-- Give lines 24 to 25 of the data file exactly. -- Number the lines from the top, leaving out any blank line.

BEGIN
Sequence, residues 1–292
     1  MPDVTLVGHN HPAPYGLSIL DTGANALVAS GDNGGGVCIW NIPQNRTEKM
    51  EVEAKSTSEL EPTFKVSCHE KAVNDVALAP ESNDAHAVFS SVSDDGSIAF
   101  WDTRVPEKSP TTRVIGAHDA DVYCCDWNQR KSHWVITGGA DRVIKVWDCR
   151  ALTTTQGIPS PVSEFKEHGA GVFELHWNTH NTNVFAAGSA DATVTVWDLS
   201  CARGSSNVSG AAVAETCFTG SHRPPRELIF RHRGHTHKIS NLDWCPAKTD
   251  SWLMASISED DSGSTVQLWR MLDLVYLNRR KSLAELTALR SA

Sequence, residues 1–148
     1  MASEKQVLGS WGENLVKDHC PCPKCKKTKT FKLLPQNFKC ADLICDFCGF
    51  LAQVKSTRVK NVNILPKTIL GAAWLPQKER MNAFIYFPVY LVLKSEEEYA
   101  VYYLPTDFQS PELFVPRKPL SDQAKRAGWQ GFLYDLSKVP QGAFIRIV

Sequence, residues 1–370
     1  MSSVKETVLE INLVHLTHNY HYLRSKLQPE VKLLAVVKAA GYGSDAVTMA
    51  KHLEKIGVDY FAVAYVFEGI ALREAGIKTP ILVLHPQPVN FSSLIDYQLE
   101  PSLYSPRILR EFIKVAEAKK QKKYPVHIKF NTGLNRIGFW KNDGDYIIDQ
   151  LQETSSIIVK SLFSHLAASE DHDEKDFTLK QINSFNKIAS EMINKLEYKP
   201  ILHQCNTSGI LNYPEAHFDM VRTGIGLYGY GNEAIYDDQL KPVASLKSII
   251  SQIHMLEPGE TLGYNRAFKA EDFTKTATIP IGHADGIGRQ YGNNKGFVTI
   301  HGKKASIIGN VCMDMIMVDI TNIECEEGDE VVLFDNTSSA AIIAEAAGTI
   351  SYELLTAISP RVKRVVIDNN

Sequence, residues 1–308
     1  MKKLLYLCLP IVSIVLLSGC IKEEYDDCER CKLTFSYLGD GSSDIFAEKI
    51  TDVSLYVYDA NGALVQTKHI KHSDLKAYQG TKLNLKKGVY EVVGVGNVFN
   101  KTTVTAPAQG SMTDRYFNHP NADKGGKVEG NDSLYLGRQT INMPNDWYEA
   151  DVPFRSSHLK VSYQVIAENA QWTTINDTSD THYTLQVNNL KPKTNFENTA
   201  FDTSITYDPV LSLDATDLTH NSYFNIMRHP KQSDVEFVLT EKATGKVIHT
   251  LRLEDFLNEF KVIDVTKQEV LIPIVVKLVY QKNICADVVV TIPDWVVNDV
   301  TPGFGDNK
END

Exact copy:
   101  KTTVTAPAQG SMTDRYFNHP NADKGGKVEG NDSLYLGRQT INMPNDWYEA
   151  DVPFRSSHLK VSYQVIAENA QWTTINDTSD THYTLQVNNL KPKTNFENTA